Confused What to Do? Tips to Survive Trains in Japan | Guidable - Your Guide to a Sustainable, Wellbeing-centred Life in Japan

Confused What to Do? Tips to Survive Trains in Japan

By Guidable Writers Dec 21, 2018

When you first come to Japan, the public transportation system, especially the trains, maybe bit a bit confusing and overwhelming to understand. Without a guide, people who do not speak Japanese, the train system could even be a total nightmare, and it could also be problematic to native Japanese.

This article will provide you with some tips to cope with the train system and some easy rules you can follow that would be extremely helpful. Let’s make your trains experience in Japan easier and more comfortable!


1. Waiting for the train in Japan:

In Japan, there are quite a few things you need to do and prepare before getting on the train. These are trivial things but very important, they could determine whether or not you are going to arrive at your desired destinations. Here is the list of things you should attend to before going on the train:


1. Being on time

Trains in Japan are almost always on time, minute to minute. Because trains are so reliable, you do not want to be late or you will definitely be left behind. So it is best that you find the designated train to your destination in advance, then you should know what time the train arrives and be prepared. One of my favorite sayings is that “To be on early is to be on time, to be on time is to be late, and to be late is to be left”.

There are other ways of checking for the trains as well. You can always find the train schedule in each and every station, the schedule will tell you exactly what time do the trains arrive and leave. Additionally, you can always look up the train schedule from your phone or on the Internet. You can use many applications to find the train such as Google Maps, 乗換NAVITIME, Yahoo!乗換案内, etc.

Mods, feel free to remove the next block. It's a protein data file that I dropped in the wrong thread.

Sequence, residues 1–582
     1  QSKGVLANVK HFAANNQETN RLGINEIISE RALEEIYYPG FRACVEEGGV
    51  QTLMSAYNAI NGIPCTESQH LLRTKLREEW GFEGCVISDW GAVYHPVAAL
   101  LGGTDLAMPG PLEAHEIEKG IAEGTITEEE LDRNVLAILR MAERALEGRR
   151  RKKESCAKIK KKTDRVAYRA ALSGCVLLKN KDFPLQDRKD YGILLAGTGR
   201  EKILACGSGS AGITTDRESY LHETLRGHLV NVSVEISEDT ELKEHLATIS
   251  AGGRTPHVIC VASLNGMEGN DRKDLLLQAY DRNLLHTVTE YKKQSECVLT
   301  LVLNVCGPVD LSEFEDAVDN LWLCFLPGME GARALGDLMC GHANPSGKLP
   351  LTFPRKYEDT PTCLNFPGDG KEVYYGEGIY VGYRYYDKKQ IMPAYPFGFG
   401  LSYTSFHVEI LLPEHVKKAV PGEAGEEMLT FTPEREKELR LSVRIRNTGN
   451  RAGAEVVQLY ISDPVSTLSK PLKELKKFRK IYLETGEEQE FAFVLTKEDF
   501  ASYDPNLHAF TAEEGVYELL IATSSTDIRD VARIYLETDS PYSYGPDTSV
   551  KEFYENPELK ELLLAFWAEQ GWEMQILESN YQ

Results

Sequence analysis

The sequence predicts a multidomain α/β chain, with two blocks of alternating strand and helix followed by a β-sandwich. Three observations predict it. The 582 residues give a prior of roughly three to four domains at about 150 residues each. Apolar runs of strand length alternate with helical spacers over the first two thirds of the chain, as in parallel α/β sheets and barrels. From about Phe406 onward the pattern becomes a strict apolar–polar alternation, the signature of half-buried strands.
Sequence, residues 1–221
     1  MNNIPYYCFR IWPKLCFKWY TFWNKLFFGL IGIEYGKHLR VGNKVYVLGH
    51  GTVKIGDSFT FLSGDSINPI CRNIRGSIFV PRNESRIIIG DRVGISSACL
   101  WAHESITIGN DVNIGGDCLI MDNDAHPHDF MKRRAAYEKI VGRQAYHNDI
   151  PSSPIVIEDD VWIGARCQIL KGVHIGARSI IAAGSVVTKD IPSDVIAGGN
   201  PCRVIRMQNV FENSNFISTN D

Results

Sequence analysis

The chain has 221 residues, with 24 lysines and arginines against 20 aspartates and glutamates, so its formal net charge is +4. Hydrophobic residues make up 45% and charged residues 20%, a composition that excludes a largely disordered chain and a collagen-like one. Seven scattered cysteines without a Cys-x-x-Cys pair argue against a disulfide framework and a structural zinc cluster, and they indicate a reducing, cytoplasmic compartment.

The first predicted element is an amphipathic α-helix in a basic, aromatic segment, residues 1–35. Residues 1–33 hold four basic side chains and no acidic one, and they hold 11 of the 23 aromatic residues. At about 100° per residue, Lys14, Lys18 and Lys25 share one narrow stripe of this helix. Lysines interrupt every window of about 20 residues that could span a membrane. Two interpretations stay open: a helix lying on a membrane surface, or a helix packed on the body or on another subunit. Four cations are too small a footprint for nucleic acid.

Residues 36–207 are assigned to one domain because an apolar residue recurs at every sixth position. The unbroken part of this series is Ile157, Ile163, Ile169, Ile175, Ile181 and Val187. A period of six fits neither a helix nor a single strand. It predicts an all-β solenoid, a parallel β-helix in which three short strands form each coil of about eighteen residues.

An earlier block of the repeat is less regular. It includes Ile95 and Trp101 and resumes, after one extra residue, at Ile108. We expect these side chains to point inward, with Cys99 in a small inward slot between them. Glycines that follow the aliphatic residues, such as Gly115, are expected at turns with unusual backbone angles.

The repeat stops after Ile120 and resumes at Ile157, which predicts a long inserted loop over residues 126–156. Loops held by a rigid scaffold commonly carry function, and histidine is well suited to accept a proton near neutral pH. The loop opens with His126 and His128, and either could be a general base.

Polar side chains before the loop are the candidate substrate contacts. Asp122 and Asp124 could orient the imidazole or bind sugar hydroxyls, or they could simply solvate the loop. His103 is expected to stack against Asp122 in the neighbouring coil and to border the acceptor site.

2. Buying tickets, charging cards, or using travel passes



Before going to the platform to wait for the train, you will have to pass a gate. In order to pass the gate, you will need a card, a ticket, or a pre-purchased travel pass. There will be machines that you can use to buy tickets or charge your cards, and the prices are fixed so you do not have to worry too much about pricing going up or down depending on the area.

A small reminder is that you will only need to tap the card and the gate will automatically open for you. However, if you are using tickets, remember that they are only for one-way traveling. There should be a small opening that you can put your ticket in and it will pop out on the other side when you get through the gate, do not forget to take it with you. But on the way out, the ticket will not pop up again after you put it into the machine. The same goes for travel passes, but if you are traveling in the designated area of the pass, it should reappear after you slide it in.  


3. Being on the correct platform



When you finished everything and the only thing left is to wait for your train, you will usually see two platforms. You need to check and make sure that you are on the correct platform or you will get on the wrong train. There are multiple platforms in one station, each with different destinations, so check carefully when you look for trains. Information of which platform the train will arrive at is available when you look up for trains using any of the recommended apps above. Because of the various platforms, you should check carefully and take the stairs, escalators, or elevators to the correct platform.


4. Getting on the right train

There are at least 5 types of train in Japan, each with different objectives. Depending on your trip, you should choose the type of train that is most suitable for you. However, knowing the kanji word for each type as well as the stops of the trains will help you tremendously when picking the train to your destination.

  • The Shinkansen is the Japanese Bullet Train, which is very expensive and covers excellent distance at a higher speed than other trains.